What’s Causing that Network Traffic on Linux?

I noticed some periodic network traffic on my Ubuntu 12.04 box.

System monitor network history
Screenshot of Ubuntu’s System Monitor Network Traffic

Naturally, I wonder what was polling like that…

Then I realized netstat -ap  will tell me the process using a port, but just doesn’t provide enough info to figure out which is responsible for the traffic.

sudo apt-get-install iftop
sudo iftop -Pp

Iftop is closer to what I wanted, showing traffic, but it didn’t connect the ports with traffic to the PID.  At least it showed me all the traffic was local or to google’s 1e100.net, rather than to any of the other connections netstat showed. But I still didn’t know which process was responsible.

A little googling turned up Nethogs. Much closer to what I needed and easy to install.

sudo apt-get install nethogs
sudo nethogs

Nethogs console output
Nethogs console output

But here I get stuck.  I killed the synergy client and chromium, but the traffic pattern is still there.  Nethogs lumps all the packets it can’t associate with a PID in the ‘?’ row.

To sum up…

  • netstat connect ip-port to pid
  • iftop connects port to traffic
  • nethogs connects pid to traffic, but most traffic is lumped into ‘unknown’

Then, there’s ntop, which runs as a daemon, has a web interface, and produces incredibly detailed reports.  I installed it. We’ll see what it comes up with after it’s run for a while.

sudo apt-get install ntop

You have to create an admin password during the install.

Virus Scanning Windows from Knoppix

Why worry about scanning Windows for viruses from inside Windows? Use Knoppix to scan for viruses from the safety of a linux-based, read-only OS.

If you don’t already have it, get Knoppix with your favorite BitTorrent client (I use Azureus 2.5) and this tracker. I use the DVD, but the CD version should work the same for this.

You can find downloading, burning, and booting help here. Boot to Knoppix.

In order to update virus definitions, a working internet connection is needed. In my case (a DHCP-enabled Linksys Cable/DSL router) things “just worked” with Knoppix’s magic boot configuration. If you run into problems, I suggest starting with the FAQ Pages then trying Google.

Naturally, the disks I want to scan need to be available–that is, they need to be recognized by the kernel and mounted. For me this just works again thanks to Knoppix boot config magic. If you run into bad magic, consult the above sources, or whatever divine ones you have access to.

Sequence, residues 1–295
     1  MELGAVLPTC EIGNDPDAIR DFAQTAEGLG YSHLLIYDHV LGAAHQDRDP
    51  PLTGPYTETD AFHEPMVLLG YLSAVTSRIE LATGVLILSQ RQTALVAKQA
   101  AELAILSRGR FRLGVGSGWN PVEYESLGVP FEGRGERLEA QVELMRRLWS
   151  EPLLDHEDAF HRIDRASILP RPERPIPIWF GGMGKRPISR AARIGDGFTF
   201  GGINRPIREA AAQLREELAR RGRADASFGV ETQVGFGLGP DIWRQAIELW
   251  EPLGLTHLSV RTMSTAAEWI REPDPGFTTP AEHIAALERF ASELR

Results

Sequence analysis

I check to see if they’re already there. Since I have SATA drives in this box, they should appear as /dev/sd*. IDE drives would appear as /dev/hd*.

# df
Filesystem ... Mounted on
/dev/root ... /
/ramdisk ... /ramdisk
...
/dev/shm ... /dev/shm

No harddisks are mounted, so I check /etc/fstab to see if Knoppix recognized them.

# cat /etc/fstab
/proc /proc proc rw,nosuid,nodev,noexec 0 0
...
# Added by KNOPPIX
/dev/sdc1 /media/sdc1 ntfs noauto,users,exec,umask=000,uid=knoppix,gid=knoppix 0 0
# Added by KNOPPIX
/dev/sdc2 /media/sdc2 ntfs noauto,users,exec,umask=000,uid=knoppix,gid=knoppix 0 0

The Added by KNOPPIX entries are the two partitions on my SATA drive. Since Knoppix recognized them, I can simply mount them.

# mount /dev/sdc1
# mount /dev/sdc2
# df -k
Filesystem ... Mounted on
/dev/root ... /
/ramdisk ... /ramdisk
...
/dev/shm ... /dev/shm
/dev/sdc1 ... /media/sdc1
/dev/sdc2 ... /media/sdc2

Just like any OS, Knoppix gets patched regularly. Since I want to have the latest, greatest virus scan, I’ll get (some of) the updates with the bundled Debian package manager.

#apt-get update

There’s a lot of output from that command to update the Debian package manager’s package list. It just means the installer knows about the latest stuff now.

I use ClamAV to scan for viruses. So, I’ll check that it’s up-to-date per the package installer.

#apt-get install clamav
Reading package lists... Done
Building dependency tree... Done
The following extra packages will be installed: libclamav2
Suggested packages: unrar
The following packages will be upgraded: clamav
...
Do you want to continue [Y/n]? Y

The changelogs are presented (press ‘q’ to exit) and there are more prompts to follow, but the install should work without any errors.

I also want to update the ClamAV utility that fetches the current virus definitions.

#apt-get install clamav-freshclam

This time, the install wants to replace a conf file that has been locally modified. I choose to install the package maintainer’s versions, after I compare them side-by-side.

When that’s done, I update the virus definitions.

# freshclam

Finally, scan.

# cd /media
# clamscan -r -l /var/clamlog

The options -r and -l [filename] are for recursively scan directories and log scan output, respectfully. Note that this will only identify viruses. If I wanted to take action when an infection is found, I’d have to specify what to do in different options.

As I write this up, I’m scanning my squeeky-clean new computer. I don’t expect any problems there. Once it’s done, I’ll scan my older Windows machine and that might be more interesting.